A maneuverable track-bearing variant is currently being developed by Russia's High Precision Weapons corporation, to be put in service with the Russian Ground Forces and Airborne Troops in the near future.

Source: Themoscowtimes

The iPhone 5S's Touch ID feature, which allows users to unlock the device with a fingerprint scanner, sounds cool - or annoying, depending on whom you ask - but is it any more secure than an old-fashioned passcode? Maybe, but some Berlin-based hackers are claiming to have already outsmarted the technology, just two days after it was made available to the public. A video posted to the website of the Chaos Computer Club seems to show someone registering their fingerprint with a new iPhone and then unlocking it with a piece of latex placed over that same finger.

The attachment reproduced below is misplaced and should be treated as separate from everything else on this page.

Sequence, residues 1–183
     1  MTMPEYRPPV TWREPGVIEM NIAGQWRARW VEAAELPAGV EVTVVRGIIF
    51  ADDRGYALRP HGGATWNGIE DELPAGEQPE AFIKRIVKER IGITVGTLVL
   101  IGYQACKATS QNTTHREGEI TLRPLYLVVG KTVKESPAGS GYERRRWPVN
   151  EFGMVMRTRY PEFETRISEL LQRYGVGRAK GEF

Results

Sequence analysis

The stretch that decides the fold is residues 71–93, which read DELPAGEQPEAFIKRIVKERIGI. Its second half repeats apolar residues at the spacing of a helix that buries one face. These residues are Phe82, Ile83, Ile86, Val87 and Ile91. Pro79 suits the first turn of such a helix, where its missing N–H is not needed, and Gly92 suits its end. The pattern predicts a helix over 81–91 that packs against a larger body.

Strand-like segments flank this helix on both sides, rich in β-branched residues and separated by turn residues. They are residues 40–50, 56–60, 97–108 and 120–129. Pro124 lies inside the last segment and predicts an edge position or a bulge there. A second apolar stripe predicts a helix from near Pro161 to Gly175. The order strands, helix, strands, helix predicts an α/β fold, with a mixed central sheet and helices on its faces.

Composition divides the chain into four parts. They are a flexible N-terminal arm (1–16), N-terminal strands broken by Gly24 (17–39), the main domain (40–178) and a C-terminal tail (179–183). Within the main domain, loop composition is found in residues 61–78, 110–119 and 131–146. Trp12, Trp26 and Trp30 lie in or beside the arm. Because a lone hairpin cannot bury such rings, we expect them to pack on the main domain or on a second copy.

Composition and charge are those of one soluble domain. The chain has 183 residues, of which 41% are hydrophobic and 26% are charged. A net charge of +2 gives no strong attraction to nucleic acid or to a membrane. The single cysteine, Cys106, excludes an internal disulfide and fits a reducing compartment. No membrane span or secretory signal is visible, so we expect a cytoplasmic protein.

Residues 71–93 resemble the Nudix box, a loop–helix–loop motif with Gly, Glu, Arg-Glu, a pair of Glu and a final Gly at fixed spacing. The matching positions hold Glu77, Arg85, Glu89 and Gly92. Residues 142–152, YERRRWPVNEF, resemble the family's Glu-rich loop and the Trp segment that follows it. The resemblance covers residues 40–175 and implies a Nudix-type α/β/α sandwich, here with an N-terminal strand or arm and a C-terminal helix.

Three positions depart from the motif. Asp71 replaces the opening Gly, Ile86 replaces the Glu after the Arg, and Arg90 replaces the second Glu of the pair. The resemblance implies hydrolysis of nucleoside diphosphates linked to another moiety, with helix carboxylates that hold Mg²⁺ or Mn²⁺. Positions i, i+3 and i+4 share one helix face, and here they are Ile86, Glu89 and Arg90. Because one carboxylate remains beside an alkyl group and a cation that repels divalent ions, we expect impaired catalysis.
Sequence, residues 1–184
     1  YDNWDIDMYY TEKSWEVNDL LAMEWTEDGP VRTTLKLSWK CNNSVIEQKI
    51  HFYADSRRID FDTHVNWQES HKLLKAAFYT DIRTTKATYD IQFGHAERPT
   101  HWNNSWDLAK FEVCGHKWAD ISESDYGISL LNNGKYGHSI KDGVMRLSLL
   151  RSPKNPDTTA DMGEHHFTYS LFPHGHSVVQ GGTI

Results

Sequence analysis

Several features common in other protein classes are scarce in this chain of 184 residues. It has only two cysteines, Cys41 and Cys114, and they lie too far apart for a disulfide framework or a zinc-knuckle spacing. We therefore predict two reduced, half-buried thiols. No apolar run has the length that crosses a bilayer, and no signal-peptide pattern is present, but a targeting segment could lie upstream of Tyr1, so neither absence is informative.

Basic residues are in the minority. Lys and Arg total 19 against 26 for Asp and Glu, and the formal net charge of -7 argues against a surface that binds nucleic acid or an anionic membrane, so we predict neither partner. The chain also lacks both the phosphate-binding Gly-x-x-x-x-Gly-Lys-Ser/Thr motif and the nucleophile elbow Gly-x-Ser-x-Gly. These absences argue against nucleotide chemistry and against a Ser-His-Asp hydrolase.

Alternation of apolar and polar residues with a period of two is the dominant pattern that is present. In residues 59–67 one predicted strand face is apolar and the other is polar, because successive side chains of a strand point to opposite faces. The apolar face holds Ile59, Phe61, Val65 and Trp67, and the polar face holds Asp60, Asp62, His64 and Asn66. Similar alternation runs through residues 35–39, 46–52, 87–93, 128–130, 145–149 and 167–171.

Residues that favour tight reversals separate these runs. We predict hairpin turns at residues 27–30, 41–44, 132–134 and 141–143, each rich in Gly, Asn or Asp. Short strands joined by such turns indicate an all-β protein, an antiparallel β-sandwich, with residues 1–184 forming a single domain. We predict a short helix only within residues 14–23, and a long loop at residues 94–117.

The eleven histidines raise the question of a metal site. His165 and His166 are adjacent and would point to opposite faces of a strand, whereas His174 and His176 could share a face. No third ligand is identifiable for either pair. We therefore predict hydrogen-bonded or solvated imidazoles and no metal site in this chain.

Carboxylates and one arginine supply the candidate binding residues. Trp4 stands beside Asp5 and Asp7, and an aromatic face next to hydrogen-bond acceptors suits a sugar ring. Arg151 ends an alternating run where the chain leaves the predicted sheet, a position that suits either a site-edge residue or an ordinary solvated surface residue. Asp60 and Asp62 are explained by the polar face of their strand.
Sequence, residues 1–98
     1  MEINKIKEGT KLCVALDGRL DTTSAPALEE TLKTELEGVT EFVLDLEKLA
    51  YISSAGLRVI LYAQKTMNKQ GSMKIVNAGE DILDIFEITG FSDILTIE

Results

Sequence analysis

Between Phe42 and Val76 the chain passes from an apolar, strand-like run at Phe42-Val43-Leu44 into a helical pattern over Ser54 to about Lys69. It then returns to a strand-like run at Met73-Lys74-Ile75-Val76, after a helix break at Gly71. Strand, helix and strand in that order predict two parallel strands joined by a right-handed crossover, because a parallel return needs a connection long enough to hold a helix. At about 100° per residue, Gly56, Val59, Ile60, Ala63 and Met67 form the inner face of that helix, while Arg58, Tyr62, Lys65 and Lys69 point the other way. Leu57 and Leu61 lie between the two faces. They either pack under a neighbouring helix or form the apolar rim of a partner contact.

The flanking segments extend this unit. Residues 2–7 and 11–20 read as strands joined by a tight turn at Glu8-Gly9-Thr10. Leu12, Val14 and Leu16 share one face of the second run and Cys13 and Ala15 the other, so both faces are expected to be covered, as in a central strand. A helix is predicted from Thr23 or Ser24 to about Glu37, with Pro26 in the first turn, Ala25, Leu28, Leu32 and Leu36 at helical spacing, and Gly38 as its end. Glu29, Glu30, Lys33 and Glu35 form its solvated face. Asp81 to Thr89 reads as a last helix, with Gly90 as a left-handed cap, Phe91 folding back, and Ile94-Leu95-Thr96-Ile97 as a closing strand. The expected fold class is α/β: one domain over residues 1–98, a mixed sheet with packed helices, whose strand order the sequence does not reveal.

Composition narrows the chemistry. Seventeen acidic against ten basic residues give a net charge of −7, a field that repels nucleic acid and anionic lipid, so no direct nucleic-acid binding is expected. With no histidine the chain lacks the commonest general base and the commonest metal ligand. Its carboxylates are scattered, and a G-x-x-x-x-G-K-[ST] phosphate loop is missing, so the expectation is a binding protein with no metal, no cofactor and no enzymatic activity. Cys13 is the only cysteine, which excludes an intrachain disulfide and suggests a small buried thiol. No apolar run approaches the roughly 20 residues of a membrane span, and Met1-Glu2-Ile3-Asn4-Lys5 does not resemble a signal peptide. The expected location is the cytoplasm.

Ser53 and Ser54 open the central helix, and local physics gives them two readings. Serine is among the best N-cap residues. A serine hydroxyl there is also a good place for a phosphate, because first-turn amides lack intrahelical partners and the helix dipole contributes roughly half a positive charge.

In the accompanying announcement, the hackers explained that they took a high-resolution photo of a glass surface bearing the owner's fingerprint, cleaned up the image, and laser printed it onto a "transparent sheet with a thick toner setting. Finally, pink latex milk or white woodglue is smeared into the pattern created by the toner onto the transparent sheet. After it cures, the thin latex sheet is lifted from the sheet, [and] breathed on to make it a tiny bit moist," like a real, clammy finger.